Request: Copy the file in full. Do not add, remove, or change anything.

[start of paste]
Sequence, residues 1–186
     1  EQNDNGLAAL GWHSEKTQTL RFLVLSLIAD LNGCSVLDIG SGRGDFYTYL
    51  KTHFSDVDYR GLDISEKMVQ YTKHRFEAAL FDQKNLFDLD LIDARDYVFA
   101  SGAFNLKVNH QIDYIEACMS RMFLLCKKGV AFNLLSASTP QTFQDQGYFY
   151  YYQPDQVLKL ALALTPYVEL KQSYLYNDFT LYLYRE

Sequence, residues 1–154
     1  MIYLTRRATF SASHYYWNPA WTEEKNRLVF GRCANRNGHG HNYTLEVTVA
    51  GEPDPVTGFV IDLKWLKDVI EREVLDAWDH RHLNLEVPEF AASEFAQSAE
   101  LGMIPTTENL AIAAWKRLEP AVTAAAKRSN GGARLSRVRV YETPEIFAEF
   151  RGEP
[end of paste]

Sequence, residues 1–186
     1  EQNDNGLAAL GWHSEKTQTL RFLVLSLIAD LNGCSVLDIG SGRGDFYTYL
    51  KTHFSDVDYR GLDISEKMVQ YTKHRFEAAL FDQKNLFDLD LIDARDYVFA
   101  SGAFNLKVNH QIDYIEACMS RMFLLCKKGV AFNLLSASTP QTFQDQGYFY
   151  YYQPDQVLKL ALALTPYVEL KQSYLYNDFT LYLYRE

Sequence, residues 1–154
     1  MIYLTRRATF SASHYYWNPA WTEEKNRLVF GRCANRNGHG HNYTLEVTVA
    51  GEPDPVTGFV IDLKWLKDVI EREVLDAWDH RHLNLEVPEF AASEFAQSAE
   101  LGMIPTTENL AIAAWKRLEP AVTAAAKRSN GGARLSRVRV YETPEIFAEF
   151  RGEP